“Changes to Title IX Would Narrow Definition of Sex Discrimination”
Jan. 18, 2019
University of Arizona James E. Rogers College of Law Associate Professor Tammi Walker did an in-depth interview with Arizona Public Media’s news show “The Buzz” about the U.S. Department of Education’s proposed changes to Title IX.
Title IX is the federal law that prohibits sex discrimination at educational institutions, and Walker explained that the proposed changes to the law alter the definition of what constitutes sex discrimination.
"These proposed regulations actually narrow that definition,” said Walker. “And they do it by saying this unwanted sexual conduct essentially has to be objectively bad."
She explained that there currently is no definition on what it means for something to be “objectively bad,” which presents a potential problem for universities trying to follow the law.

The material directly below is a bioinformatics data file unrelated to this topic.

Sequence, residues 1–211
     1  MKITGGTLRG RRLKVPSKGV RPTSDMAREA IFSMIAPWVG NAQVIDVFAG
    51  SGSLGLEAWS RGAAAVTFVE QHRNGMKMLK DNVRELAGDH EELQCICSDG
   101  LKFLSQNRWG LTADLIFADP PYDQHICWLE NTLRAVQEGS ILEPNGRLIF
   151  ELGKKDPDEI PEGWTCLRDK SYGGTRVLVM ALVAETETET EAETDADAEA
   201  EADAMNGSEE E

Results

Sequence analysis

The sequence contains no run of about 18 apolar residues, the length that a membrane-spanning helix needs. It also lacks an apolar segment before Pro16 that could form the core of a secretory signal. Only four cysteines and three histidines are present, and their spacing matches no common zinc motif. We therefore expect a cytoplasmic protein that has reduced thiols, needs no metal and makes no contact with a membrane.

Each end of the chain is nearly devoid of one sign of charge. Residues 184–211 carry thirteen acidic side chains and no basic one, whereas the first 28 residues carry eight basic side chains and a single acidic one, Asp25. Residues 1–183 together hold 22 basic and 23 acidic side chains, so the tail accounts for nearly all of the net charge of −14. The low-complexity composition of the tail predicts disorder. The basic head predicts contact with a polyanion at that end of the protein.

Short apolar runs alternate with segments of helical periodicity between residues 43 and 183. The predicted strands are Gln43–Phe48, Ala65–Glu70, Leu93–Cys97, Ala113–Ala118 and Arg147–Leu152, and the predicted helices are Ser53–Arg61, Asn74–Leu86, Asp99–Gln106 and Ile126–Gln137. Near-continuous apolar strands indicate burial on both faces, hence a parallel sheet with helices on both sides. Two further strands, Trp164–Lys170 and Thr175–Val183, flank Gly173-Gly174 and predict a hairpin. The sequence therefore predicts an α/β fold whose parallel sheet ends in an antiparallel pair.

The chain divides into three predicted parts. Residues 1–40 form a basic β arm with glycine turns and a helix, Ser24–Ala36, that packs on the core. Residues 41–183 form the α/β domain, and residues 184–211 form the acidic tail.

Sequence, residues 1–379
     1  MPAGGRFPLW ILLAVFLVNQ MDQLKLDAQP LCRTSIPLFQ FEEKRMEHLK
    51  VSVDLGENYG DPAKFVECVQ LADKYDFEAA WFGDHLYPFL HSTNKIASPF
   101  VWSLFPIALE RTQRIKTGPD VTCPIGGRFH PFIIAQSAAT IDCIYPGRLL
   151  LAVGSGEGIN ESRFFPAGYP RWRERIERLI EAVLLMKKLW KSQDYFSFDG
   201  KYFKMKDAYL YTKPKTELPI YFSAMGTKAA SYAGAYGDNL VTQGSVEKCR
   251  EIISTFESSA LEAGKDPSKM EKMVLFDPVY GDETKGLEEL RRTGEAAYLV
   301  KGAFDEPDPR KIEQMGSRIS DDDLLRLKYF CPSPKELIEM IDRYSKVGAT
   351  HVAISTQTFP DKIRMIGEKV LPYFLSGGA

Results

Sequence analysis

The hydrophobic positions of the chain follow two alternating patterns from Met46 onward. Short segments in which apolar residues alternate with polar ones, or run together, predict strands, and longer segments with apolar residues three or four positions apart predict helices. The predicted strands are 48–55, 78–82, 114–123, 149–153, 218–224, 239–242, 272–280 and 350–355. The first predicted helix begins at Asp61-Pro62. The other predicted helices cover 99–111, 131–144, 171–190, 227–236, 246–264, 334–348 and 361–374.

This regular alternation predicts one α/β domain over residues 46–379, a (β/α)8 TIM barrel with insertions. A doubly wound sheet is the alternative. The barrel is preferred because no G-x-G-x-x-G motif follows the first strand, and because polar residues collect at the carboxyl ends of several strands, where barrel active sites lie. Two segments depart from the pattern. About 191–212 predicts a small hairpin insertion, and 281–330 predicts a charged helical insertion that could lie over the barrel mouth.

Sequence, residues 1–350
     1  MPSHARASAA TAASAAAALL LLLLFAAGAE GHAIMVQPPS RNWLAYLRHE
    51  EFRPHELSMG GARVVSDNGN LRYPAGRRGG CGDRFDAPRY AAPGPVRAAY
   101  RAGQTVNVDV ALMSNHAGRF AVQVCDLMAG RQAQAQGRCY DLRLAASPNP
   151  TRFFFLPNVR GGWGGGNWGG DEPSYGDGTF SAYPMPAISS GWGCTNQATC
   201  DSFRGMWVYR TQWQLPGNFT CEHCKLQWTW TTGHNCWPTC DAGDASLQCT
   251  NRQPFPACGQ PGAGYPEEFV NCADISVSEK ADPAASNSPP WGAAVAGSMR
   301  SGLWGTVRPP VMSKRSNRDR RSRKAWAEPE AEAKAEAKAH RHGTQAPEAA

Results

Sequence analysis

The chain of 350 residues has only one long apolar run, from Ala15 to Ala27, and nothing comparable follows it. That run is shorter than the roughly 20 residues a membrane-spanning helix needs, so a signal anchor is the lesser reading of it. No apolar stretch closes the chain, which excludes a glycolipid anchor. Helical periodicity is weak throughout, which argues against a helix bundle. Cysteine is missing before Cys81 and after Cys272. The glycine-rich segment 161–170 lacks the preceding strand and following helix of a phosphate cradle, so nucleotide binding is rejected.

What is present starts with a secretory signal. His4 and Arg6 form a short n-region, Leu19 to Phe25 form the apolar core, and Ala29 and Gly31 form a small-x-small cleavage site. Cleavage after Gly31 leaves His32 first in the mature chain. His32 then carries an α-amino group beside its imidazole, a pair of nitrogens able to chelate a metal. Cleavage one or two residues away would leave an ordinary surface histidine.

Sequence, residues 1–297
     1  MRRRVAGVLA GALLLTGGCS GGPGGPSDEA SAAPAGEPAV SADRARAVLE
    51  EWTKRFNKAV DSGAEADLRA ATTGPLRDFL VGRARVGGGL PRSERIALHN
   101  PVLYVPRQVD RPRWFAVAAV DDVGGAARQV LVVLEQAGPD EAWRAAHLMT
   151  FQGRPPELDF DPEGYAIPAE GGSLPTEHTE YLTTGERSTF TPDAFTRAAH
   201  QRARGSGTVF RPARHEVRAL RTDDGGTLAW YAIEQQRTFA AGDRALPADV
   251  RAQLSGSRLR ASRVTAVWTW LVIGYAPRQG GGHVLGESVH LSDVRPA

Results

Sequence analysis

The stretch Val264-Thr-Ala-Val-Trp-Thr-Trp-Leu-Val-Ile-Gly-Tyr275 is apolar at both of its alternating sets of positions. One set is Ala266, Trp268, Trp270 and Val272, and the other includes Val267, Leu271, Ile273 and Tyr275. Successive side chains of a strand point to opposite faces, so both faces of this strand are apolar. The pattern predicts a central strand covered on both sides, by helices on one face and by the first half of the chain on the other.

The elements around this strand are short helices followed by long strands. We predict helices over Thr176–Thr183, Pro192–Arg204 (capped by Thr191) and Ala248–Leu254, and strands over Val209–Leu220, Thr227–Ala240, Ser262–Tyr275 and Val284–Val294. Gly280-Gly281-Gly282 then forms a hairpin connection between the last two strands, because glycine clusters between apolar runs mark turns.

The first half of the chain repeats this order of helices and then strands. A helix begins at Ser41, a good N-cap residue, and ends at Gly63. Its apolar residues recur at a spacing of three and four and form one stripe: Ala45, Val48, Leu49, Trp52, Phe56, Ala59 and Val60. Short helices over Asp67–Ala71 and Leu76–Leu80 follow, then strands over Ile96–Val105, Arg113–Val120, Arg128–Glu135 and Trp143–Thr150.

“There is an acknowledgement that we do need a clear definition of what is covered under Title IX, and that is the intent of the legislation, to try to provide a more clear definition of the types of behavior that would be prohibited pursuant to Title IX,” said Walker.
Additional proposed regulations include requiring that schools provide a live hearing, the ability to cross examine the accused and the accuser during the live hearings, and encouraging schools to have a higher standard of proof.
“What these new proposed regulations are suggesting is that schools consider implementing the clear and convincing evidence standard,” said Walker.
“The stated purpose of these proposed regulations is really to try to bring a more balanced sense of fairness to the process, and to make sure that those people who are accused have a greater sense of due process,” said Walker.
One possible drawback? Walker said victims who are already skeptical about whether their experience warrants filing a report to the university could question if they have sufficient evidence to file a report that will be taken seriously.